Lower Manhattan Book logo

TriBeCa logo

56 Leonard Street

Shimmy-shimmy Shake

Block 176 Lot 26

Rendering of 56 Leonard Street, foreground, with Ground Zero development in background

By Carter B. Horsley

The stunning, 57-story residential condominium tower planned for 56 Leonard Street in TriBeCa was designed by Herzog & de Meuron, the architects of the "Bird's Nest" stadium for the Olympics in 2008 in Beijing and 40 Bond Street in NoHo.

It is a project by Alexico, which is headed by Ivan Senbahar and Simon Elias, who in 2009 were completing their conversion of part of the Mark Hotel on the northwest corner of Madison Avenue and 77th Street to residential condominiums. Alexico was also the developers of 165 Charles Street, a Richard Meier-designed apartment building on West Street.

The 56 Leonard Street project, which was planned to contain 145 apartments, was put on hold in 2009 after the site was cleared and after the great fiscal crisis of late 2008.

It was one of four spectacular high-rise towers that were widely seen as significantly transforming the Lower Manhattan skyline apart from whatever might eventually be developed at Ground Zero. It is not far from another major project that was put on hold at about the same time by Larry Silverstein, a mixed-use tower at 30 Park Place just to the west of the Woolworth Building at 233 Broadway. The Silverstein tower, which was planned to contain a hotel and residential condominium apartments, was designed in Post-Modern style by Robert A. M. Stern. The status of the very tall and very prominent 80 South Street tower near the South Street Seaport and designed by Santiago Calatrava has been in doubt even before the fiscal crisis as it consisted of several four-story-high "houses" stacked vertically.



The fourth major non-Ground Zero tower in Lower Manhattan is 8 Spruce Street designed by Frank O. Gehry as a rental apartment tower with a very shiny and rippling stainless steel facade that will overlook City Hall and the Manhattan approach to the Brooklyn Bridge. At one point in early 2009, there were rumors that its construction might stop at only half its planned height, but construction resumed on the project, which will also have a school at its base.

Two other spectacular towers in midtown - Jean Nouvel's 100 Eleventh Avenue in Chelsea, which was topped out in 2009, and his asymmetrical tower just to the west of the Museum of Modern Art on East 53rd Street, which received its public approvals in 2009 but whose construction timetable is uncertain - joined the four downtown projects in signaling an exciting new era in the the city's skyscraper history.

Alexico acquired the 56 Leonard Street site from the New York Law School and the new tower is planned for the 12,500-square-foot site of the Mendik Law Library building on the northeast corner of the block bounded by Church, Worth and Leonard Streets and West Broadway. The school's property was not included in a 1995 rezoning of the area.

Herzog & de Meuron's design for 40 Bond Street for Ian Schrager included huge green glass cylindrical elements and a graffiti-inspired gate. Recently, the firm showed a flamboyant design for a major new philharmonic hall in Hamburg.

Every floor in the new Herzog & de Meuron tower is different and rotated from the floors above and below. The press release for the project described it as "a thoughtful, daring and ultimately dazzling new alternative - the iconic American skyscraper re-envisioned as a pixilated vertical layering of individually sculpted, highly customized, graceful private residences opening to the atmosphere." In other words, every apartment in the shimmy-shimmy-shake form for the tower will have a balcony.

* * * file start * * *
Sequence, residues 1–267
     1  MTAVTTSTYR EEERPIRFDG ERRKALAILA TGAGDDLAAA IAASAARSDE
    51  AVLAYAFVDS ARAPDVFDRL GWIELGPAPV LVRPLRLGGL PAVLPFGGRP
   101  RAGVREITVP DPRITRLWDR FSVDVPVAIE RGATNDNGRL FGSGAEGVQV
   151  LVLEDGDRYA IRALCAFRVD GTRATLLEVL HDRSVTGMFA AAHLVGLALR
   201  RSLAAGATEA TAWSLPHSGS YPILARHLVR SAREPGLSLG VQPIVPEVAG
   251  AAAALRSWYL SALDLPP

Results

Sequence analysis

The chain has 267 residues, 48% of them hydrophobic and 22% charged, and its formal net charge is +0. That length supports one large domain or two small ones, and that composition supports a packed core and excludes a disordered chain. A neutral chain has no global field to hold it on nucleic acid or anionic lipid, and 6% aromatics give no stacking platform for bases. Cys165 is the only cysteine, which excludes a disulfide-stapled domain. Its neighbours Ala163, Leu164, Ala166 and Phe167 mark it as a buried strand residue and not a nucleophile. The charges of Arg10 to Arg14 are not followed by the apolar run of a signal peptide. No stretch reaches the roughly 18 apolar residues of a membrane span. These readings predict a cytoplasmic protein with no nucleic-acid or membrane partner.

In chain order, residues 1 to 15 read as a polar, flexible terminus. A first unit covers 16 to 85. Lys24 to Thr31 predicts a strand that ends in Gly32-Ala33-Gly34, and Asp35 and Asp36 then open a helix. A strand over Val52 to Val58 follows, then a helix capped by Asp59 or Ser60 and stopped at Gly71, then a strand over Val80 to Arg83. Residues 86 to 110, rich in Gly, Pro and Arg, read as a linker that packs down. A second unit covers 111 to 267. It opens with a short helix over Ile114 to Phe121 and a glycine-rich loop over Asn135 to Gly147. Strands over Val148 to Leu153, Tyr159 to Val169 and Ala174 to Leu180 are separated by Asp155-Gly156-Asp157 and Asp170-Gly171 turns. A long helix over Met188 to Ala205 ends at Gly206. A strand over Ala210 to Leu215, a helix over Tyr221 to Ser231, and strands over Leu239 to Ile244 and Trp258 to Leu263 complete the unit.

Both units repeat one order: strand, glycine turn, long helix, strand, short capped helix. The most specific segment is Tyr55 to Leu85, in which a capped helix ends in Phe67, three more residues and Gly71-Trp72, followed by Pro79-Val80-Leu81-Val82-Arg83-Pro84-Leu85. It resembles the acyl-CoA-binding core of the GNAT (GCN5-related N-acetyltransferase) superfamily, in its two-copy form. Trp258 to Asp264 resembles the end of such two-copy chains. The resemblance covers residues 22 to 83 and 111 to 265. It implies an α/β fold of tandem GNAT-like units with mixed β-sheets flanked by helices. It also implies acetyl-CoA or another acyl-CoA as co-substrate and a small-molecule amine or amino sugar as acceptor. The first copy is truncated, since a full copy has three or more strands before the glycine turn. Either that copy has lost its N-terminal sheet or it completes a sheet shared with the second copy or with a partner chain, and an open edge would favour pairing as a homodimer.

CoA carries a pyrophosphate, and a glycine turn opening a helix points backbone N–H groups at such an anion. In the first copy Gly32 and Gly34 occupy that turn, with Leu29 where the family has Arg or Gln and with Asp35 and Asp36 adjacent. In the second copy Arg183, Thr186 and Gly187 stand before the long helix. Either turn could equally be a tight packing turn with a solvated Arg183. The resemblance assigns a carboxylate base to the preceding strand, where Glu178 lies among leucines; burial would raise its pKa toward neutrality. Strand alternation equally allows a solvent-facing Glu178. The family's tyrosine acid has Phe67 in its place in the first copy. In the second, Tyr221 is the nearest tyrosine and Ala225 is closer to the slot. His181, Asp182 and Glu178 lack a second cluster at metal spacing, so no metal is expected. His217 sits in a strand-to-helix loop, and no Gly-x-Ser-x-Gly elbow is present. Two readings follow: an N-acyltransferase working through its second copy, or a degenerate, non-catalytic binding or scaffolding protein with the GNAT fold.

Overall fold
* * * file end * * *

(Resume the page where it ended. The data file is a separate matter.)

The press release also noted that the project "updates the relationship between private tower and public streetscape with an articulated base whose cantilevers generate a sense of movement and permeability," adding that "Here, the building's defining corner will be the site of a major commissioned sculpture by internationally celebrated London-based artist Anish Kapoor."

"Fully integrated into the architecture itself as if to say that culture and the city are indivisible," the press release continued, "Kapoor's massive, reflective stainless steel piece - an enigmatic balloon-like form that appears to be combating compression from above - will be a new cultural landmark in TriBeCa...."

The artist's dazzling and very impressive "Cloud Gate" sculpture in A. T. & T. Plaza in Millennium Park in Chicago is very similar but much, much larger and free-standing. Some have suggested that Kapoor's mercurial sculpture might be seen to better advantage atop the tower.

Apartments in the tower will range in size from 1,430 to 6,380 square feet and in price from $3.5 million to $33 million.

The proposed tower will have a double-height lobby sheathed in "gleaming" black granite with a concierge and doorman and seven elevators. Above the lobby will be several floors of "townhouse" residences and then two floors of amenities including a 75-foot "infinity edge" pool, a sundeck, a fitness center, a spa, a library lounge, a screening room, a conference room and a TriBeCa Tot Room.

Floors eight through forty-five contain the building's two- to five-bedroom apartments, each of which will have 12-foot-high glass doors leading to private outdoor spaces with travertine pavers. Fireplace "hearths" soar from floor to ceiling, crafted by the architects in high-gloss white-enameled steel, and kitchens will have a high-gloss black lacquer island with black granite countertop "accompanied by a custom hood either sculpted from the wall or descending from the ceiling."

The building will have 8 full-floor penthouses and two that occupy half floors, all with 14-foot-high ceilings.

Use the Search Box below to quickly look up articles at this site on specific artists, architects, authors, buildings and other subjects


Home Page of The City Review